On Sunday, April 11, the Museum of Jewish Heritage held its annual Gathering of Remembrance to honor those lost in the Holocaust. The meaningful event, which has been held every year for 40 years in honor of Yom HaShoah, was virtual this year and attended by more than 4,000 viewers. Featuring live music and a profile of Holocaust survivor and activist Judy Meisel, the event also spotlighted prominent Jewish voices to spread messages of remembrance and resilience — an especially important attribute in pandemic times.
The event’s speakers included Israeli Consul General Israel Nitzan and Senate Majority Leader Charles Schumer, who said, “This year Yom HaShoah carries special meaning. We’ve seen in recent times a new strength unfortunately in the forces of hate and bigotry in our country, especially the evil of antisemitism.”
But the event’s biggest draw may have been none other than our first-ever Second Gentleman, Doug Emhoff, whom, as we all know by now, is the Jewish spouse of our first female veep, Kamala Harris, who is becoming rather famous for his touching Jewish tributes online.
First, however, there was an appearance by sex therapist Dr. Ruth Westheimer — a survivor and a former sniper for the Israeli army — who answered a thoughtful question from a boy named Ethan, a fourth-generation survivor who asked how younger generations can best honor those we have lost to the Holocaust. With her signature smile — and peppy, red cat-eye glasses — Westheimer encouraged young people to embrace the Jewish value of tzedakah.
“I congratulate you for this question… Here’s my advice,” she said. “Every year, in addition to a yahrzeit candle, to the candle of memory, to give some money to a charity of your choice.”
Later, following a a tearjerking classical suite of Holocaust-era Jewish music, Emhoff delived his moving remarks. He first shared his reverence for those lost in the Holocaust, and connected their legacies to Jewish value of l’dor vador — from generation to generation — and resilience: “This most sacred day is also about resilience, the resilience passed down from great grandparent, to grandparent, to parent, to child,” he said.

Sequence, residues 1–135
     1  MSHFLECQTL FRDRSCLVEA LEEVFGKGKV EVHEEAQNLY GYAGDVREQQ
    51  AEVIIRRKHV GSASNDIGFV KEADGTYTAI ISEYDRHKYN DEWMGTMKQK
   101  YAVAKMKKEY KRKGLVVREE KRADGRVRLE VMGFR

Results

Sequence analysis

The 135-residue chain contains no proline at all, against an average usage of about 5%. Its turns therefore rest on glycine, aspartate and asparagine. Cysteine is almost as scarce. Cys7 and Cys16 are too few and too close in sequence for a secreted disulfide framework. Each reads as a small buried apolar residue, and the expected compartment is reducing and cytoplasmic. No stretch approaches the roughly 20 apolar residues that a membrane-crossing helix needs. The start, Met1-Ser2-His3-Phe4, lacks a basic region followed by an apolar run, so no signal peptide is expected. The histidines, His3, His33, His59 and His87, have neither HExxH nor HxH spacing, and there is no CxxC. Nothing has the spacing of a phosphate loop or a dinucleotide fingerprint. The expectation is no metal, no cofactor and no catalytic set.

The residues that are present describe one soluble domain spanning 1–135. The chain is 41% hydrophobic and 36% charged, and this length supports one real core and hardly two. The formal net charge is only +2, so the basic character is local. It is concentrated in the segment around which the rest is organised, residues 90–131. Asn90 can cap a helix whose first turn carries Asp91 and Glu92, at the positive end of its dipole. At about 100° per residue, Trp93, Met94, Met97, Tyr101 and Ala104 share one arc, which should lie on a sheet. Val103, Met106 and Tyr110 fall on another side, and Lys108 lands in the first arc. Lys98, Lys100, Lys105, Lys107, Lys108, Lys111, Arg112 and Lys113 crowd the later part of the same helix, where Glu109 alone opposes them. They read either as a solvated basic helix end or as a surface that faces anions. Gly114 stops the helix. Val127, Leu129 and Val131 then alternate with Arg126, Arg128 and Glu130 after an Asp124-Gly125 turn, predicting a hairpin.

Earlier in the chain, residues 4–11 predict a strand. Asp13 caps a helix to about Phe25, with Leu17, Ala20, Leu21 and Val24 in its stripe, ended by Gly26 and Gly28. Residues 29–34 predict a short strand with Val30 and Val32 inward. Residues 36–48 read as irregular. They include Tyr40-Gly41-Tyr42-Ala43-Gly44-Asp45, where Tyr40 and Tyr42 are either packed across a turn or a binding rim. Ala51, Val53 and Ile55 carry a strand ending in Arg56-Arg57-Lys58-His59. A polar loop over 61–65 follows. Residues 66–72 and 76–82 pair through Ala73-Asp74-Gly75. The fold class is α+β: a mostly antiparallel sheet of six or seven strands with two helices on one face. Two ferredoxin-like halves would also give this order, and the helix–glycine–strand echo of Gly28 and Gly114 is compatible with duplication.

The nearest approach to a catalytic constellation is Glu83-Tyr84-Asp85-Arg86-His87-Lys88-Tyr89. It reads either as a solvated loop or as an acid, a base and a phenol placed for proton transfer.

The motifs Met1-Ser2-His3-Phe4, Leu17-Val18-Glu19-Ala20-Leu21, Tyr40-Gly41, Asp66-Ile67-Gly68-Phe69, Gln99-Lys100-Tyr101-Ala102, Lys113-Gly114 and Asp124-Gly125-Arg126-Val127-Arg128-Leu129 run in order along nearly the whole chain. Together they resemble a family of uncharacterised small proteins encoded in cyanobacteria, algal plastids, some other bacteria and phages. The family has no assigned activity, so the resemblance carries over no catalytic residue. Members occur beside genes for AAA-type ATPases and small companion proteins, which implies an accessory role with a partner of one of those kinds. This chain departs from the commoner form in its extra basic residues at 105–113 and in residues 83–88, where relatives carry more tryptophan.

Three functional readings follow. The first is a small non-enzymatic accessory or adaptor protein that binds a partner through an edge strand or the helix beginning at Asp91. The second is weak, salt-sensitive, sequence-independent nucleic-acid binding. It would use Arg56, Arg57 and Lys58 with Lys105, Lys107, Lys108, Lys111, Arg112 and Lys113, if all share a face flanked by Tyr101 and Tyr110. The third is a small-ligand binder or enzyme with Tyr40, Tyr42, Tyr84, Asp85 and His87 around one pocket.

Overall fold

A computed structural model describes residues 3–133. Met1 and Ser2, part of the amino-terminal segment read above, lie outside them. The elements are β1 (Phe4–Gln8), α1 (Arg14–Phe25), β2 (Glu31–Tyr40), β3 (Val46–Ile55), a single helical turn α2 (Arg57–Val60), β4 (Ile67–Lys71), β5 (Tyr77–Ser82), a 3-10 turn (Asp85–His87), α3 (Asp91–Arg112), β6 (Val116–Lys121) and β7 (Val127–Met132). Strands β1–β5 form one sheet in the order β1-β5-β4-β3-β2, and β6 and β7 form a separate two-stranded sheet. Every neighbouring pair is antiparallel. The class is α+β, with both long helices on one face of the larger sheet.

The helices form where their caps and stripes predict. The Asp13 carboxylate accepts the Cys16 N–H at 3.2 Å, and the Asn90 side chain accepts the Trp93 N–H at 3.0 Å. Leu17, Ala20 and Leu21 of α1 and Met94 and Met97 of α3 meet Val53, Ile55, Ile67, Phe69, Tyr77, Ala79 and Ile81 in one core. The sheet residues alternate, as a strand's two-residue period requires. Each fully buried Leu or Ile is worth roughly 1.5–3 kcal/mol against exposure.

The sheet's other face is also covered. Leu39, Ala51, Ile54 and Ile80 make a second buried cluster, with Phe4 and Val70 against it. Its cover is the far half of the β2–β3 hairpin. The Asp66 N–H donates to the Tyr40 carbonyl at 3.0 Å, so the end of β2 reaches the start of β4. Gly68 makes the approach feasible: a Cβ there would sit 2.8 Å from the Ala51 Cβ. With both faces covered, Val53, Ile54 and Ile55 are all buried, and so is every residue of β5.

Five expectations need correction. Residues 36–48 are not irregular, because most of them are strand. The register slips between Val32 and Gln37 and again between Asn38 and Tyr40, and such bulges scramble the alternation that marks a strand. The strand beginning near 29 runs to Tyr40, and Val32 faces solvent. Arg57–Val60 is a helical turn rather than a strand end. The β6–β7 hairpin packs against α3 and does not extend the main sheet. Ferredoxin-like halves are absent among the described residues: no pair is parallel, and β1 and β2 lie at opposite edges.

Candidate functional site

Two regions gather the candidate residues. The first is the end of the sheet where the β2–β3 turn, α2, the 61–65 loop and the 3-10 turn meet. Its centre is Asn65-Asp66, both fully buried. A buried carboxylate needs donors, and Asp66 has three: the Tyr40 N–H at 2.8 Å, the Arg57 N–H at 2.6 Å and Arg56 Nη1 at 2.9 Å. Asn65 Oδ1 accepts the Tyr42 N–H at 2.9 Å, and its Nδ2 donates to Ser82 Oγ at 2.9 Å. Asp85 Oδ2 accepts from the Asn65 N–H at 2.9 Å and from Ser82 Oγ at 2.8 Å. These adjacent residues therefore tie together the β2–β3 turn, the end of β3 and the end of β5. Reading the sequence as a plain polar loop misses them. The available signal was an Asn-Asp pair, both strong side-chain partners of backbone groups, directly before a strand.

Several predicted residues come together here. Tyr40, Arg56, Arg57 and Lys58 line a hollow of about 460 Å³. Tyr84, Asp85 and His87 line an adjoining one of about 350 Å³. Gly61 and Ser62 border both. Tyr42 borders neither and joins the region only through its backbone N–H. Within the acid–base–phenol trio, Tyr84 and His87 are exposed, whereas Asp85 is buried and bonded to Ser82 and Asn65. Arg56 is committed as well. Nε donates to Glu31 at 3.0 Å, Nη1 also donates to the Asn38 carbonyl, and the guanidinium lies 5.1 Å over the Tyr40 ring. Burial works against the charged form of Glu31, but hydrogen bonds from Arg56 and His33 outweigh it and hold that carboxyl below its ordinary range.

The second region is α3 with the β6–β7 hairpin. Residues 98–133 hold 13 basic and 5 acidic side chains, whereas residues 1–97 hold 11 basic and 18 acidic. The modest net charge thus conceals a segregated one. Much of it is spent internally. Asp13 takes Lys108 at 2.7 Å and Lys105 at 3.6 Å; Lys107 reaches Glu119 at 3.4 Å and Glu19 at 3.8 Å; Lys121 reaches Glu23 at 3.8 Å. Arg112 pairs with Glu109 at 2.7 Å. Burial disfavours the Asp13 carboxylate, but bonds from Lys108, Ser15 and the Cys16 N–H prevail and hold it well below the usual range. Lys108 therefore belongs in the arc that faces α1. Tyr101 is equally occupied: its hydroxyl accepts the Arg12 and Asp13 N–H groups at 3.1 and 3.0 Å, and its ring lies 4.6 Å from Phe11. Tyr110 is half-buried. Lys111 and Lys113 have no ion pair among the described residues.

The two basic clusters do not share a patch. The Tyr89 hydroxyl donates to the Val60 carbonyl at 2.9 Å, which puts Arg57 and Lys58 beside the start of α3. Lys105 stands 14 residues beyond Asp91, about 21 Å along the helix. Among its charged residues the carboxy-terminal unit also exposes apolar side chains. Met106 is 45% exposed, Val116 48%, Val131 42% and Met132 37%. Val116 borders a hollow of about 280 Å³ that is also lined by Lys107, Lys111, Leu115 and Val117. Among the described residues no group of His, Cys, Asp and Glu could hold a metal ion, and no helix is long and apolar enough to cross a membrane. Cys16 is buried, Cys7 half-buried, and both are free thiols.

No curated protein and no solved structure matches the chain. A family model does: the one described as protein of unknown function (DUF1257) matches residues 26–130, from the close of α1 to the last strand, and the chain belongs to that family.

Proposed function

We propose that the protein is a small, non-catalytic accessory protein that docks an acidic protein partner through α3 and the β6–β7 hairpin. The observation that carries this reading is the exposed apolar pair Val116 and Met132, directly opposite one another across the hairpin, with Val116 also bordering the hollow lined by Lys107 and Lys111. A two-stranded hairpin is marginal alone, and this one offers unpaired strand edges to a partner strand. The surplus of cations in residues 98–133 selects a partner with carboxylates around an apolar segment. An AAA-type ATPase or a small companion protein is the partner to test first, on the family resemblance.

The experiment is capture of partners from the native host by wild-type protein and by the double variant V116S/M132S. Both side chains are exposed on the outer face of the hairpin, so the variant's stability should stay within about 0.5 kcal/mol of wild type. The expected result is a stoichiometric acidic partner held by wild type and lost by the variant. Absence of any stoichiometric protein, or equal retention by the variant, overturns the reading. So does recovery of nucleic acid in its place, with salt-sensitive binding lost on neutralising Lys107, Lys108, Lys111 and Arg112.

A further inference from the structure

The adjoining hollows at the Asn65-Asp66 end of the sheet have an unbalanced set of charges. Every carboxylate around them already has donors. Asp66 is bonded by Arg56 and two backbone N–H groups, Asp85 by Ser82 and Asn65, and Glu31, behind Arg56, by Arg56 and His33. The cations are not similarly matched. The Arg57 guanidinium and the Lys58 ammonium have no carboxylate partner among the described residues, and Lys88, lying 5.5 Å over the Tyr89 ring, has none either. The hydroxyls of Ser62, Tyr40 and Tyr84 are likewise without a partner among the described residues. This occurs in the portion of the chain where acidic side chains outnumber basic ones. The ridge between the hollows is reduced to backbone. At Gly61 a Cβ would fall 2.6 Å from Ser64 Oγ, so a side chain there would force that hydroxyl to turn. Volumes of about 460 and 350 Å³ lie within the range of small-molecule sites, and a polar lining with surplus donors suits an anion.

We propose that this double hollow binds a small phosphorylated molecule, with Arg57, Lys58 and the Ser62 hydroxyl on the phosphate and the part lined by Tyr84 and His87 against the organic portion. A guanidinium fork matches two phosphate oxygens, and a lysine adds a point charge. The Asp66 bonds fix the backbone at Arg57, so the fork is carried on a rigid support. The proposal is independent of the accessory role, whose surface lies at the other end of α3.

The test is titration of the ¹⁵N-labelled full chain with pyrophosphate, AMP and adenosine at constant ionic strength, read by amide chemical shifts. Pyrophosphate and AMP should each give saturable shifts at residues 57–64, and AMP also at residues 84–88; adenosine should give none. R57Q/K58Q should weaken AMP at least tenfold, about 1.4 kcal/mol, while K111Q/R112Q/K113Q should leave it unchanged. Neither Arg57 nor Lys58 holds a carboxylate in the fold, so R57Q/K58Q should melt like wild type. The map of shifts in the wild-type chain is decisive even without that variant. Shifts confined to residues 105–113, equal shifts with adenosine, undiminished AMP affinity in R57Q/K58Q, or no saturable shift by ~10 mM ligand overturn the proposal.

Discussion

He continued: “The resilience that defines the Jewish people, who I am so proud to call my people. The survivors of the Shoah endured the worst of humanity, and yet, they embodied the best of it.”
Reminding viewers to “never forget” the consequences of the Holocaust, he also named the many forms of hatred that continue to plague the United States and the world, inviting Jews to stand up to all forms of hatred. “We must speak out against bigotry and prejudice wherever we encounter it,” he said. “We must speak out in the face of antisemitism and the face of xenophobia, homophobia, and Islamophobia. In the face of anti-Asian violence, systemic racism, and white supremacy. We must speak out.”
Emhoff then called viewers to action, borrowing from the widely-known words of Anne Frank, “‘How wonderful it is that nobody need wait a single moment before starting to improve the world,’” he said. “Her words ring with resilience: the same unbreakable spirit that defines us now. So, let us reflect and remember today. Let us start to improve the world tomorrow. May that be our tribute, may that be our legacy.”
Yet again, watching Emhoff embrace his Jewish identity on a public platform, we are so filled with pride to see a true mensch in the White House. Can you tell that we are kvelling?
To watch more of this meaningful event, a link is available here, and on the Facebook page of the Museum of Jewish heritage. A hearty yasher koach to all who participated in this beautiful gathering. May all the memories of those lost in the Holocaust be a blessing.
Header image via Museum of Jewish Heritage/photographs by anita anand/GettyImages